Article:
Ashby Land Trust March 22, 2014
The Ashby Land Trust primarily focused on organizational development in 2013 in preparation for our bid for accreditation in 2014. I’d like to start by thanking all of the Board members who worked on drafting and reviewing policies and procedures, and preparing other documentation needed for the application. I’d especially like to thank our vice-president, Jeanie Lindquist, for organizing and leading this important effort.
Two of our Board members, Ken Brown and Amy Aubertin, have decided to step down in 2014. Ken joined the Board in 2001 and has been a key contributor in organizational development, landowner relations and outreach, and a link to the outdoor sportsmen community. Amy joined the Board in 2007 and was instrumental in organizing the efforts of the monitoring subcommittee and getting us onto a regular monitoring schedule. It has been great having Amy and Ken on the Board and we will certainly miss them. Thanks for all of your hard work Amy and Ken.
The last Forest Legacy project in Ashby associated with the Forest Legacy grant closed at the end of 2012 and we received our final reimbursement for due diligence expenses from the Forest Service and DCR in early 2013. This allowed us to pay off the bridge loan we had received from the Fields Pond Foundation.
The entire Board of Directors stepped up as the Accreditation Committee this year. We spent several Board Meetings discussing and approving policies and procedures that will directly affect the quality of our work.
Following is a list of some of policies we have been working on:
This year we created a comprehensive Board Handbook for each Board member which will make it easier to pass on our accumulated knowledge, standards, and practices to newer Board members. We also completed work on our pre-application for accreditation. The pre-application was submitted in January, 2014. It was accepted at the beginning of March, 2014 and we are up to our ears preparing the application for submission in early April. The Land Trust is required to notify key stakeholders of our application for accreditation. We have been talking to our membership for several years now about accreditation, so the following formal notice will come as no surprise.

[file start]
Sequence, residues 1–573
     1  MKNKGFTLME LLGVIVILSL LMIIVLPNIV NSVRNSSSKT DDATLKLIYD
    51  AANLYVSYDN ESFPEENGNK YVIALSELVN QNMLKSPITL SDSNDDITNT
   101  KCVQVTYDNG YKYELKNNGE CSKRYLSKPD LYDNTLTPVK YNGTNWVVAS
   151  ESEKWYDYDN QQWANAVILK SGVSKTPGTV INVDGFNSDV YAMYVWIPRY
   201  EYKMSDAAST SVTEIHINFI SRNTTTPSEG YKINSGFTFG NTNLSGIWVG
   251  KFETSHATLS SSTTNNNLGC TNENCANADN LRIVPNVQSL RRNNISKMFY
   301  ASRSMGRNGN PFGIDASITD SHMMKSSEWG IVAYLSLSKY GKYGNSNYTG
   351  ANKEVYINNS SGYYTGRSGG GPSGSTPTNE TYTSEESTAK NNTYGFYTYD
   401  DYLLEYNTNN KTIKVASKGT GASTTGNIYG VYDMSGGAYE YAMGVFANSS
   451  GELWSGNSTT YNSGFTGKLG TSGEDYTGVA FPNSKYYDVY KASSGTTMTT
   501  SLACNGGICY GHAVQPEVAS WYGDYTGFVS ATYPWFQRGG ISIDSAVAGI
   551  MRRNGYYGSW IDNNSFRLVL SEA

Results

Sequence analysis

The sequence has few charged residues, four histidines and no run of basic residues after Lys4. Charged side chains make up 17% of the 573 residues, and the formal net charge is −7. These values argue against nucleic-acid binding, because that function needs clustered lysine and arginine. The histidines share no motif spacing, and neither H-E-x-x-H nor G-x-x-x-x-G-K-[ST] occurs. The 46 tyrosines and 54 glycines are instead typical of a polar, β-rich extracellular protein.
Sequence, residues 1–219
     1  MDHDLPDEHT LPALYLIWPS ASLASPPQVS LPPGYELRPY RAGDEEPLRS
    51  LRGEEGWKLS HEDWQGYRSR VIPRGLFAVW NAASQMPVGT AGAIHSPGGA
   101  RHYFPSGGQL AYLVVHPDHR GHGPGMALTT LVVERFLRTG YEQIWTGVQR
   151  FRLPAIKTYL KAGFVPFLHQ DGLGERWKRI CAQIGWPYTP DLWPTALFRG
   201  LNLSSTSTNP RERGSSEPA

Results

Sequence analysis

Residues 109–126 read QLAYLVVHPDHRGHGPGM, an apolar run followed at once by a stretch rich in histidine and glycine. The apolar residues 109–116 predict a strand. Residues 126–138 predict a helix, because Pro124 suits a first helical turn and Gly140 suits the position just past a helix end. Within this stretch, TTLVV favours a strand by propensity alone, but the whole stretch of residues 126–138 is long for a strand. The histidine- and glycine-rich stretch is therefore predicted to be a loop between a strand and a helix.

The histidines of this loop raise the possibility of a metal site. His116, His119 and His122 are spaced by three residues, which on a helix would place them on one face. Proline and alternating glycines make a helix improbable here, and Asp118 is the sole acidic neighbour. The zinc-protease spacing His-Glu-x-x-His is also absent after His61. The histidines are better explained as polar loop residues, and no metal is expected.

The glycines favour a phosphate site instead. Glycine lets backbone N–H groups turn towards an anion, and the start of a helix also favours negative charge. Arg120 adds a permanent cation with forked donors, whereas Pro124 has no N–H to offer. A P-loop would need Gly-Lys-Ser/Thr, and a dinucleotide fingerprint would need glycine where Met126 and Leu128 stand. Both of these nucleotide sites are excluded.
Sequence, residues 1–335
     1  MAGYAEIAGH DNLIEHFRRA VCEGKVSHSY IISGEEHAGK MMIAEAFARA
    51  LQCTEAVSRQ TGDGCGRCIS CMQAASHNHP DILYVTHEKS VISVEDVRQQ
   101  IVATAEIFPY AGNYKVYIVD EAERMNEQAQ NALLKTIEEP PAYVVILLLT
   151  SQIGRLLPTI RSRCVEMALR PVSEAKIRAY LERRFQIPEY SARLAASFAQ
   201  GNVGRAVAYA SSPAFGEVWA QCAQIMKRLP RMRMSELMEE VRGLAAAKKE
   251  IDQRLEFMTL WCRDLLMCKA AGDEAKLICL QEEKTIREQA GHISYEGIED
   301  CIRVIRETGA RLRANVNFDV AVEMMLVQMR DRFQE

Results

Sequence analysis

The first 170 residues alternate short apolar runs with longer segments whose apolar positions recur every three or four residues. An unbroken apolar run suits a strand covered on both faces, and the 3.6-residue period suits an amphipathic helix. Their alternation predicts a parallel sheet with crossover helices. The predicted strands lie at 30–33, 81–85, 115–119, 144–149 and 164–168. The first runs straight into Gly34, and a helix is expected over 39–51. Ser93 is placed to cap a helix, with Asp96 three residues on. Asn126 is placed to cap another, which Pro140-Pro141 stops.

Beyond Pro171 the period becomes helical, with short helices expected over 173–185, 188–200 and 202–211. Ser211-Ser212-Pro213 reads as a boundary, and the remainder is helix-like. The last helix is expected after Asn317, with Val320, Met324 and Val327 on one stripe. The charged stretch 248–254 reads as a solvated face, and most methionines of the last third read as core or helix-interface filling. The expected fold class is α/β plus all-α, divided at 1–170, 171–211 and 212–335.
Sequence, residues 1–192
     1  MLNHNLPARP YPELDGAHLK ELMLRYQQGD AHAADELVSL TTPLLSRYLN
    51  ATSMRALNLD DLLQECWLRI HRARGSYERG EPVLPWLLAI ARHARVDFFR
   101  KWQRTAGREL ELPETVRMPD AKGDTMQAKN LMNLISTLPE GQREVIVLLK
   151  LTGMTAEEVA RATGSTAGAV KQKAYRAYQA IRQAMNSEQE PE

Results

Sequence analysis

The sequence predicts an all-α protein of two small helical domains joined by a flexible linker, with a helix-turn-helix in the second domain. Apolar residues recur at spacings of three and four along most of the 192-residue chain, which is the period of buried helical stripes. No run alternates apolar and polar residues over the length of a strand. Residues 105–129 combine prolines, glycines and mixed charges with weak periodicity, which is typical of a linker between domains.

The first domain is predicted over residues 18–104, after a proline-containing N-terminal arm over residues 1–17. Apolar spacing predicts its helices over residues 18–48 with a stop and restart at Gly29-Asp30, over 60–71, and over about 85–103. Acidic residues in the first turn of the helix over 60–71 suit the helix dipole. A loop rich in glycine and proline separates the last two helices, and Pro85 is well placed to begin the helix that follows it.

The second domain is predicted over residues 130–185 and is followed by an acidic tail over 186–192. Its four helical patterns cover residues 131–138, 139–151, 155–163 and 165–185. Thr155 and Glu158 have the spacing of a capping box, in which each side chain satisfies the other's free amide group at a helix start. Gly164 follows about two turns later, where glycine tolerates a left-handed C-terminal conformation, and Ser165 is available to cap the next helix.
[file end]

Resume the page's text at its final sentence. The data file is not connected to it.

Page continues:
The land trust accreditation program recognizes land conservation organizations that meet national quality standards for protecting important natural places forever. The Ashby Land Trust is pleased to announce that it is applying for accreditation. A public comment period is now open.
The Land Trust Accreditation Commission, an independent program of the Land Trust Alliance, conducts an extensive review of each applicant’s policies and programs. The Commission invites public input and accepts signed, written comments on pending applications. The comments must relate to how the Ashby Land Trust complies with national quality standards. These standards address the ethical and technical operation of a land trust. For the full list of standards see http://landtrustaccreditation.org/tips-and-tools/indicator-practices.
To learn more about the accreditation program and to submit a comment, visit www.landtrustaccreditation.org, or email your comment to firstname.lastname@example.org. Comments may also be faxed or mailed to the Land Trust Accreditation Commission, Attn: Public Comments: (fax) 518-587-3183; (mail) 112 Spring Street, Suite 204, Saratoga Springs, NY 12866.
Comments on the Ashby Land Trust’s application will be most useful by May 31, 2014.
This past year was a busy one for the Monitoring subcommittee – getting every detail of all four of our conserved properties’ baseline reports up to the standards required for Land Trust certification. With help from professionals Tim Silva and Jenn Tuomala, and assisted by Dan Ewald, the monitoring team of Amy Aubertin, Susan Chapman and Bob Leary were able to complete the baseline documentation reports and the annual monitoring for the properties on which the Ashby Land Trust holds a Conservation Restriction… Morrison Property, South Road Fields, Arnold Property and the Wiita Conservation Land (Blood Hill).
Monitoring is a yearly requirement on all the conservation restrictions. It involves walking the properties to verify that all the requirements under the restriction are being followed and that none of the bordering abutters have infringed on the property.
A special thanks to Amy Aubertin who is leaving the board this year. She will be dearly missed and her place on the Monitoring Committee is open.